Boston University students will have to pay a full $600 housing deposit to reserve on-campus living spaces for the 2021- 2022 school year by the end of February.
However some students, including those on the BU Reddit page, have cited this policy as unfair due to uncertainty surrounding the Fall.
BU spokesperson Colin Riley wrote in an email the payment is to ensure students can be guaranteed a living space for the academic year, and it can be refunded for half of the amount until the end of June.
“Students unsure of their plans should decide whether or not to participate in room selection,” Riley wrote.
He wrote BU expects classes and dormitories will operate as they did before the pandemic by Fall 2021.
“We also hope some of the pandemic’s uncertainties will be resolved as vaccine distribution and inoculation efforts increase,” Riley wrote.
Riley said there are no plans to reduce the payable amount due for the primarily non-refundable housing deposit in an interview.
“This is something that is in place,” Riley said. “It’s the only way to operate when you have 11,000 plus on campus.”
He added COVID-19 testing may still be a regular practice next Fall, and it was “premature” to say otherwise. 575 Commonwealth Ave. — known as HoJo, which is currently being used for quarantine housing — has yet to be designated as a regular living space for Fall 2021.
Whether Learn from Anywhere will still be an option is yet to be determined, Riley said, and BU will follow the advice of its own Medical Advisory Group on COVID-19 protocols.
“We’ll learn more in the coming weeks as the vaccine is rolled out,” he said. “I think that’s a couple months away from being decided.”
Riley added he was proud of how the BU community was dealing with the challenges posed by the past year.
“I’m really pleased with the perseverance of students and faculty and staff to forge ahead and do well despite all the challenges they face,” Riley said.
Questrom School of Business freshman Syndia Iglesias said the $600 amount is “very unfair” to begin with and the ability to partially refund the deposit does not remedy that price.
“You still had to pay those $600 up front,” Iglesias said. “Not most people have those $600 in their pocket.”
Even though some students may be able to get their deposit “deferred,” Iglesias said it is still not fair to charge some students to pay that much to save a room for themselves.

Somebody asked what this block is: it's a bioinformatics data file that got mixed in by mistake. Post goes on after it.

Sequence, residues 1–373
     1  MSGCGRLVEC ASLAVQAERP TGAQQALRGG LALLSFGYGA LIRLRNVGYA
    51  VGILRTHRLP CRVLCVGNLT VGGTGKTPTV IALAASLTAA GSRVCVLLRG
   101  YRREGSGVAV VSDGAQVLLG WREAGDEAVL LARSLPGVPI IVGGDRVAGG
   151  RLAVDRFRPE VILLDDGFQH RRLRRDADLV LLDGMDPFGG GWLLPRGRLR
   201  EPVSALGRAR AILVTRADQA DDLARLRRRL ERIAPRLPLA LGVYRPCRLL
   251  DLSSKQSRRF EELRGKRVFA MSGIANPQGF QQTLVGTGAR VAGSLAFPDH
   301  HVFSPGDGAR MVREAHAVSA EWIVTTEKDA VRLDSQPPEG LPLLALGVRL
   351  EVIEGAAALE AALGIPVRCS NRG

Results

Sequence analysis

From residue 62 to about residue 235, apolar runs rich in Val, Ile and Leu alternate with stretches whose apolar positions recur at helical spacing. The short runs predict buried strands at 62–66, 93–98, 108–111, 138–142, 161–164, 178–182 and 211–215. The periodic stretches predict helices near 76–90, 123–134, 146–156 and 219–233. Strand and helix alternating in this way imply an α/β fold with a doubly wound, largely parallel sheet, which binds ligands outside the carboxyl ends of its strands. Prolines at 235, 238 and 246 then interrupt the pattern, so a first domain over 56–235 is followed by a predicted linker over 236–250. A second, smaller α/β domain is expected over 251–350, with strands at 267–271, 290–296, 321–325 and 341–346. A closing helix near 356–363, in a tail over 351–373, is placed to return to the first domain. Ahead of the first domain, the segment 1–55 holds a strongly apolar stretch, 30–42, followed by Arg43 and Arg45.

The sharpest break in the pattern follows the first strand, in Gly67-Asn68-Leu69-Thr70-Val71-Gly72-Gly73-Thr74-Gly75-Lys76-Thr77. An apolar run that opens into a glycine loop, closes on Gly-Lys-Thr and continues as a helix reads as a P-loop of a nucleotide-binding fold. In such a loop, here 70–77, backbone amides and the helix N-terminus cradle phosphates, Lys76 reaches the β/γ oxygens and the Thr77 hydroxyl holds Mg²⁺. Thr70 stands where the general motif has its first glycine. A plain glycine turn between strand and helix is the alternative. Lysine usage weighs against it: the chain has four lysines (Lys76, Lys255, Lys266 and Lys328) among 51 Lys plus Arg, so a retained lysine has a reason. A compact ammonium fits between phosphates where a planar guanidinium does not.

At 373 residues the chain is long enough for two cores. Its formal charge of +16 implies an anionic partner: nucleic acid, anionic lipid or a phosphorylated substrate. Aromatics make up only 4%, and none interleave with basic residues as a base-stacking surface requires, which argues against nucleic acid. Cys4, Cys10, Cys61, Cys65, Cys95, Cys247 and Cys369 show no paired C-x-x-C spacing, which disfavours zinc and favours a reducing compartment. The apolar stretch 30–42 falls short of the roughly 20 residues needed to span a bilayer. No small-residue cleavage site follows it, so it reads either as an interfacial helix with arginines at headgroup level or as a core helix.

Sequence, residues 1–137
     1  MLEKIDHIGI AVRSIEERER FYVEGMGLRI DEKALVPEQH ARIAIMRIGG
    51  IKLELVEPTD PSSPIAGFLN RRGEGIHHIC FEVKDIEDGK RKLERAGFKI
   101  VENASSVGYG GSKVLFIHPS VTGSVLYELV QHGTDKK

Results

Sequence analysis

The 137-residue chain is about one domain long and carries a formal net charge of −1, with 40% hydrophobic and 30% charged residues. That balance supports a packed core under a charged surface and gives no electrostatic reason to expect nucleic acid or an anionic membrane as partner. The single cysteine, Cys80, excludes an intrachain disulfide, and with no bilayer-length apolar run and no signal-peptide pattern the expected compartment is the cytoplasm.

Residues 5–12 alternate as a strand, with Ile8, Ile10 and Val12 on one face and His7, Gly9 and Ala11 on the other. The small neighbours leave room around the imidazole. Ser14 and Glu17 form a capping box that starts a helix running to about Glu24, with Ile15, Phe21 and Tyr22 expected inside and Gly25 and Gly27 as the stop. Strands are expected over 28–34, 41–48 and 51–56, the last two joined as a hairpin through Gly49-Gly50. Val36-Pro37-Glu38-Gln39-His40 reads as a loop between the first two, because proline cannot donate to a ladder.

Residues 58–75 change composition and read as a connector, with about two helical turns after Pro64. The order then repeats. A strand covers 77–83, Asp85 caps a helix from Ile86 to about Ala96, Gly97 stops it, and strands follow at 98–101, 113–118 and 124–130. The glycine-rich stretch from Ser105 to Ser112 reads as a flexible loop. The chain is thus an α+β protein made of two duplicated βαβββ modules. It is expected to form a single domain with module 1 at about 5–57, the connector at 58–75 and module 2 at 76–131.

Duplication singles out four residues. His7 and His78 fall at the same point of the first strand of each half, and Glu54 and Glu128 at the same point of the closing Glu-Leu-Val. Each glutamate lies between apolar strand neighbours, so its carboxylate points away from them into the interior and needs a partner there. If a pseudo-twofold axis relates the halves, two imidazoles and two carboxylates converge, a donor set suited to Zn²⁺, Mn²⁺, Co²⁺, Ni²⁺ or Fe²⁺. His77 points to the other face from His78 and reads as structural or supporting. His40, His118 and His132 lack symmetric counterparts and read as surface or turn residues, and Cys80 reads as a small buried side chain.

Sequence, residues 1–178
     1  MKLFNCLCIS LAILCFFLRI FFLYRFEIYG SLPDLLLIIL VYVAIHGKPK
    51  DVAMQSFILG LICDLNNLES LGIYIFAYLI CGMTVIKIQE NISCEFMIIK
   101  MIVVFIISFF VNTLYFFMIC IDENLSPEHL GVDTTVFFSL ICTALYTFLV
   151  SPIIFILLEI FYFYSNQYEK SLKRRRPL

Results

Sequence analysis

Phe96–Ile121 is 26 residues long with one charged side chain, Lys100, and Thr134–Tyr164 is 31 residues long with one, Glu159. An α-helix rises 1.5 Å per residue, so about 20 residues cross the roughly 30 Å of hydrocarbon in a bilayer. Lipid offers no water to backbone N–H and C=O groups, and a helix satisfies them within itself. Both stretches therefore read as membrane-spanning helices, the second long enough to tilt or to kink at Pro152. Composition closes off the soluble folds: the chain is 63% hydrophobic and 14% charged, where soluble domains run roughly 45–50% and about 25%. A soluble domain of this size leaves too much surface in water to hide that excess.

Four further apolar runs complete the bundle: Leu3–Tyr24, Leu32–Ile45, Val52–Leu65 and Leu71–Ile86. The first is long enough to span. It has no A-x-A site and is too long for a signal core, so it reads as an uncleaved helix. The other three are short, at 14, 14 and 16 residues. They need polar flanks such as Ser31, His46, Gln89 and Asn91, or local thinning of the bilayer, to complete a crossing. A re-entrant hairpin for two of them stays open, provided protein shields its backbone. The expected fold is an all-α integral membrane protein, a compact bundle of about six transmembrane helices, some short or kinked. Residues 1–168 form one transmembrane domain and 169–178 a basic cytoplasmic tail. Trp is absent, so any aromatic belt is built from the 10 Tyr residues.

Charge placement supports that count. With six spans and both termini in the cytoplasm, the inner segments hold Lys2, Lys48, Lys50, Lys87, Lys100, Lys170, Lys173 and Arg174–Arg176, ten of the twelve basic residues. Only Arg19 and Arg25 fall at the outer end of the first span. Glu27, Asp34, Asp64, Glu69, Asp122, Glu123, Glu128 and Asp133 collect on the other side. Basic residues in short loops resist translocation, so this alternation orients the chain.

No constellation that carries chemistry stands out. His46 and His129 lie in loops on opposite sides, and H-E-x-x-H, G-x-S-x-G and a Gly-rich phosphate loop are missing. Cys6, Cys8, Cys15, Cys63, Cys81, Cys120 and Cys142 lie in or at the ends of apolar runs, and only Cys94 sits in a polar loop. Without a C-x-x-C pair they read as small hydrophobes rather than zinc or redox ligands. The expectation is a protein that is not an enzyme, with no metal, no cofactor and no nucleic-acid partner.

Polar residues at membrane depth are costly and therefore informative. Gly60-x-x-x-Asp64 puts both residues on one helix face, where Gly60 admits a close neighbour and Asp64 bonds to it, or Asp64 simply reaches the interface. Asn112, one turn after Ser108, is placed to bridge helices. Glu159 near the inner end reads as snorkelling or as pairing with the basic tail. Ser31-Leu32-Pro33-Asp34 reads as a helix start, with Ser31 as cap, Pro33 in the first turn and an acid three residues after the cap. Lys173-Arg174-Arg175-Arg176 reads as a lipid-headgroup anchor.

“It is unfair that middle-class and higher-income students who are coming in, they do have to pay those $600,” Iglesias said.
She added the primarily non-refundable deposit definitely alienates some students from living on campus and does not offer any real incentives.
“It doesn’t clarify anything,” Iglesias said. “It doesn’t tell you if you’re actually going to get a good housing next year.”
College of Arts and Sciences freshman Lily Drazin said no student can anticipate what the Fall semester will look like, and paying $600 just as the Spring semester begins is daunting.
“It’s putting students in a bit of an uncomfortable situation,” Drazin said. “They have barely any time to decide.”
Drazin said she doubts BU’s belief that normal on-campus operations — those before March 2020 — can continue as soon as next Fall.
“I think that’s a pretty hopeful and optimistic assumption,” Drazin said. “I don’t necessarily think that’ll happen.”
She said she believes students should be able to get their deposit back in full if they wish to rescind their application.
“I think people should get the full refund,” Drazin said. “Especially with the plan for next year being so undetermined and just up in the air, I think that’s super unfair.”
Drazin said the daily notification to pay the deposit was sometimes annoying, and she would prefer a later deadline to pay.
“It is really overwhelming, especially getting the constant email like every single day,” Drazin said. “I know I’ve talked to other people who feel the same way.”
Drazin said she sympathizes with the administration, however, because they are trying to work toward an optimal and smooth school year.
“I think they’re doing so without actually thinking about the students,” she said. “They’re more concerned with the technicalities and not actually the well-being of their students.”